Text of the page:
The original Black Widow was created as the character named Natasha Romanova. She appeared as an agent of the Soviet Union in 1964, her role serving as an antagonist to Iron Man along with Crimson Dynamo. Natasha’s character appears in the stereotypical femme fatale attire, an evening-dress wearing woman with the elegant fur-throw about her shoulders. While Natasha started her comic career as a villainess, she eventually became an operative of S.H.I.E.L.D and a member of the Avengers.
While Natasha is a character who has villainous roots, her love for Hawkeye/Clinton (Clint) Barton eventually became one of the reasons she defected to the USA. This did not, however, make her any less lethal. She continued to exist as a spy and as a capable fighter through her comics career, even becoming popular enough to have been included in the 2012 Avengers film over other characters who were more ‘classically’ involved in the creation of the Avengers team, characters like Hank Pym and Janet Van Dyne.
In the real world, the USA had its own share of female soviet spies who have caused a stir. In 2010, it came to the knowledge of the US Government that a series of Russian spies were stationed in the country under a program called the Illegals Program. These agents were stationed in the US with the goal of acquiring any/all intelligence possible. These agents were discovered by the program called Operation Ghost Stories.
One of the more famous agents in this group was Anna Vasil’yevna Kushchyenko, ie: Anna Chapman. Anna became famous in the media for her appearance, adding to the tropes of the ‘femme fatale’ female spy. Chapman/Kushchyenko’s infiltration of the US proved that the role of spies from Russia had not faded after the fall of the Berlin Wall. In the American pop-culture consciousness, Anna became a real-life Natasha Romanova. The popularity of the Black Widow role, as embodied by actress Sacrlett Johnansson, also went a great way towards granting Natasha/Black Widow more and more popularity.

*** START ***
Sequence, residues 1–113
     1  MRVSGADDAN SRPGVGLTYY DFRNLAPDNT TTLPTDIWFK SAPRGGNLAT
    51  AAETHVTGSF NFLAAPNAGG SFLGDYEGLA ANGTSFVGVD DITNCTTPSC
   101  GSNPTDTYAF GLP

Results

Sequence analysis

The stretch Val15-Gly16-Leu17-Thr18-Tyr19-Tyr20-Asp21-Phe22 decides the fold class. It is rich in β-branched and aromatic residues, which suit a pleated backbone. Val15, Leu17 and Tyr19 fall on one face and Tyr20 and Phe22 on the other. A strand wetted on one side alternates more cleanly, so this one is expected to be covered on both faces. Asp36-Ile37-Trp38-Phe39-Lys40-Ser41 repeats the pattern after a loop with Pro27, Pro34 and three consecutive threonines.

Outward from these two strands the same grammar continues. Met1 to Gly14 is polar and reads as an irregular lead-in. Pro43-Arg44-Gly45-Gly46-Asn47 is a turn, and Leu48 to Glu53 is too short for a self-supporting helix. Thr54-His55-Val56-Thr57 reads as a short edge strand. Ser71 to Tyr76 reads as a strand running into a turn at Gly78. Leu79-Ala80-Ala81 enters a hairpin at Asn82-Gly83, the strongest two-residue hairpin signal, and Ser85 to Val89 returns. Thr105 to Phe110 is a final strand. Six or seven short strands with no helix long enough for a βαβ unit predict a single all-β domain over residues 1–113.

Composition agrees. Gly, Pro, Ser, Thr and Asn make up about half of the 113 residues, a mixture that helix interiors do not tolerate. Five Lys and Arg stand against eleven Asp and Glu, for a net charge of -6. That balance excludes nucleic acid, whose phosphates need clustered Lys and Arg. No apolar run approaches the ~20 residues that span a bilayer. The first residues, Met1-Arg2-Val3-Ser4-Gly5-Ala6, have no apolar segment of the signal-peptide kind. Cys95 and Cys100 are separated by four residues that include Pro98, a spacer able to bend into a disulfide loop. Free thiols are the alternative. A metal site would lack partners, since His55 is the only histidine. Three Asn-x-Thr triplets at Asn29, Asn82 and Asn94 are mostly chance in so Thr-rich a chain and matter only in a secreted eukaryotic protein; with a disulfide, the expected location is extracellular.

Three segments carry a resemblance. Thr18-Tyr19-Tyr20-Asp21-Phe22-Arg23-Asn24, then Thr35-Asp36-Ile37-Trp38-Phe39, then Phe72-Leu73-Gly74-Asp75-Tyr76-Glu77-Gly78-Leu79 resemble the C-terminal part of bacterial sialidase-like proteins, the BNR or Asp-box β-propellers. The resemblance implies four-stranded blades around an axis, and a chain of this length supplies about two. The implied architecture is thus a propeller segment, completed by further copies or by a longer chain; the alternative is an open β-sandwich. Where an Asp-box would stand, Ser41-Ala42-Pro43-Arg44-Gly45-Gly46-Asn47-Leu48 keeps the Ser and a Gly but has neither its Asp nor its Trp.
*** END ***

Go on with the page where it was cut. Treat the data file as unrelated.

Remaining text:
Among other traits, Natasha Romanova is commonly credited as being a sniper. One of the Soviet Union’s greatest sniper agents was a woman named Lyudmila Mykhailivna Pavlichenko. According to accounts, Lyudmila joined World War II early on at the age of only 24 and, after having turned down being a nurse, she joined the 25th Riffle Division. Lyudmila is credited with over 300 confirmed kills.
Natasha has always been a character who embodied the mysterious nature of the femme fatale character. Still, certain writers and artists have played up her sexuality both in art and in her role as a seductress. While these traits are sometimes maintained as a way for some comic creators to reference Natasha’s origins, perhaps it was Joss Whedon who simultaneously honored one aspect of Natasha’s original character and re-defined her for modern audiences.
In the 2012 Avengers film, Whedon marinated Nastasha’s spy nature (seen when she lured Dr. Banner into her trap with a child), but her character is never played as seductive or sexy. She is directed by Whedon and played by Johansson as a capable, realist S.H.I.E.L.D agent. Whedon included her love/concern for Hawkeye as one of her defining character traits which played a factor in her deception of Loki, perhaps the only time a mere human ever got the drop of the crafty Asgardian — one of two times if you count the sacrifice of Phil Coulson. Natasha’s use of feigned concern and ‘womanly concern’ in the film’s sequence with Loki were all common femme fatale tools, albeit ones subverted for the purpose of showing a heroic, capable women standing up to one of the world’s greatest dangers at incalculable personal risk.
The character of Jessica Drew has embodied mystery and isolation almost since her creation. Where Black Widow was a rather public agent who eventually came to work for S.H.I.E.L.D, Jessica has been depicted with a much more checkered and hard-to-reconcile upbringing.
In her ’77 appearance, Drew was the result of a tragedy and brainwashing. As a child, Drew grew up with her scientist family amidst vast amounts of uranium neat Mt. Wundagore, the impact of which required young Drew to be placed into a special chamber that would save her life but also adjust her age. The process was also aided by a serum concocted by the blood of an irradiated spider. While her time in the chamber took up decades, Drew herself only appeared to be a teenager. Unfortunately for Jessica, by the time she emerged, her life has she had known it was over. Her mother had died and her father had abandoned her. She was unfortunately discovered by HYDRA, having emerged from the chamber with no memories, and turned into an agent who would be used to commit the murder of Nick Fury.